Abstract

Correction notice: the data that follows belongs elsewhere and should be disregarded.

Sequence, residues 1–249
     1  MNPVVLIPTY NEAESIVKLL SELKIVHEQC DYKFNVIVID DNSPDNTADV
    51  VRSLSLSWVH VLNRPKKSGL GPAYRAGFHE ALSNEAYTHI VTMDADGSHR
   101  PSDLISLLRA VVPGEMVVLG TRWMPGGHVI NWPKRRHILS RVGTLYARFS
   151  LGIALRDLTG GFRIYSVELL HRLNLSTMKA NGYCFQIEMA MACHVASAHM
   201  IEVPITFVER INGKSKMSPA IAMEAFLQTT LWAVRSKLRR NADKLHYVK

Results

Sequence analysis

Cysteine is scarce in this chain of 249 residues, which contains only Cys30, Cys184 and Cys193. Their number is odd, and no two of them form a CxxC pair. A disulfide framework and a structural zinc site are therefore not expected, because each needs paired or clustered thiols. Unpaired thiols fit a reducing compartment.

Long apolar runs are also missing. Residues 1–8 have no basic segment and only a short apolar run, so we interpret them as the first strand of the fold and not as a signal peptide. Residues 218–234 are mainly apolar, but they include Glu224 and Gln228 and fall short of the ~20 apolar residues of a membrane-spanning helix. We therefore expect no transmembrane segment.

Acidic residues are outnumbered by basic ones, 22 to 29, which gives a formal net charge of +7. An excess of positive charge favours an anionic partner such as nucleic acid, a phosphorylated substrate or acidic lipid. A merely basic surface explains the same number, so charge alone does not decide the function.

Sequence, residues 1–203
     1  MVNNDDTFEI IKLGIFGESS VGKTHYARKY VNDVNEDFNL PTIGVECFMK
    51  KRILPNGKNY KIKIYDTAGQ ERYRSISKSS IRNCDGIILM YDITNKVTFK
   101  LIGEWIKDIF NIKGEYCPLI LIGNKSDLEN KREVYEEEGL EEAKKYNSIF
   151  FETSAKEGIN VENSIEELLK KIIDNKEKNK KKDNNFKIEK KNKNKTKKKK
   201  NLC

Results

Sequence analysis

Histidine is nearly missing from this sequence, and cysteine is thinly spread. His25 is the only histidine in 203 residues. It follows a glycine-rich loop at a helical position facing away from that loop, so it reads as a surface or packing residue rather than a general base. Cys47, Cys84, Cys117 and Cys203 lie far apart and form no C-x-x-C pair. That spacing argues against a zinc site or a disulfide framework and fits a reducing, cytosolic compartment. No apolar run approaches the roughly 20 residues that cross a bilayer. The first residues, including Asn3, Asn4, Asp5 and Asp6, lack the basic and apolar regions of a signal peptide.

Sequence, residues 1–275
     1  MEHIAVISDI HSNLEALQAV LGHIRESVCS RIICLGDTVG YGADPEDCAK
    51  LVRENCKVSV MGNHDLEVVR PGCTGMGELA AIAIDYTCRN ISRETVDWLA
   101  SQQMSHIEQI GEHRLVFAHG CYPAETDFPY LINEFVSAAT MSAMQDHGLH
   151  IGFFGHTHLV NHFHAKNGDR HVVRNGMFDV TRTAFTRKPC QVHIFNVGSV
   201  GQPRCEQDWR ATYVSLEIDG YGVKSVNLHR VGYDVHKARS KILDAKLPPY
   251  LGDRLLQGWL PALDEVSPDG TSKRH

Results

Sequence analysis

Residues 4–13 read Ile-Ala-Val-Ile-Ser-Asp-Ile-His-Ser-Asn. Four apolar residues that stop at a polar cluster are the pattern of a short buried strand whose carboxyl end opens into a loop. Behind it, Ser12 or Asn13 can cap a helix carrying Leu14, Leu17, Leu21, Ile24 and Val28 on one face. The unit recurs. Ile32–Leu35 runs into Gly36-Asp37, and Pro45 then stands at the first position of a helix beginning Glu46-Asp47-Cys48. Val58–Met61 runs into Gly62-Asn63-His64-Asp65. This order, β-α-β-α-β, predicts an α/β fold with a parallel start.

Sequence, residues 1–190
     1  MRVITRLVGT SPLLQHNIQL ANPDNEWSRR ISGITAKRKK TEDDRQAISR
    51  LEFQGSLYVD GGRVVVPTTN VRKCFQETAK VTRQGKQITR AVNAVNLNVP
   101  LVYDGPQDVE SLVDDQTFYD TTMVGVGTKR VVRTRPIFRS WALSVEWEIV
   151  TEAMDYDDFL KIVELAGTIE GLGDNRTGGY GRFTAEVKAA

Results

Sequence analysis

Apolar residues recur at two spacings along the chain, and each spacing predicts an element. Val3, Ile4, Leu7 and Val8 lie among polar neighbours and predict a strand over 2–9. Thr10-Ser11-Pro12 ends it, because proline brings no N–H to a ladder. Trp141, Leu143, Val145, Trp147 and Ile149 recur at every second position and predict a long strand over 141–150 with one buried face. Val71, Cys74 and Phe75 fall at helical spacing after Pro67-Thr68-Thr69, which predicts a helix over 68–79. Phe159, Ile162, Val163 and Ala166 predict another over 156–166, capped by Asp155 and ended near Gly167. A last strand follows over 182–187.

Post-eruption sedimentation rates from two basins draining Mount Pinatubo, Philippines, are compiled and extended through A.D. 2009 to compare short-term predictions with long-term yields. The Pasig-Potrero and Sacobia Rivers were covered by >1 km3 of thick pyroclastic flow deposits during the 1991 eruption of Mount Pinatubo, blanketing 30% of each basin with highly erodible sediments. Erosion of these deposits led to some of the highest sediment yields ever recorded. Yields peaked in 1991 and declined exponentially for the first decade following the eruption. Deposition on the aggrading alluvial fan shows that sedimentation rates from 2001 to 2009 were almost twice as high as an exponential decay model would predict, with rates that have leveled off and are no longer declining exponentially. Patterns of long-term sedimentation are similar to those of the North Fork Toutle River (Washington State, United States) at Mount St. Helens, with two phases of erosion and sediment export. In the first, erosion of hillslope tephra and carving of the initial valley network lead to high sediment yields that decline exponentially over 5–10 yr. In the second phase, continued valley widening and fluvial instability maintain high sediment yields for at least two decades. A comparison of post-eruption deposition with pre-eruption yields indicates that century- to millennial-scale sedimentation is dominated by sediment associated with discrete eruptive events.

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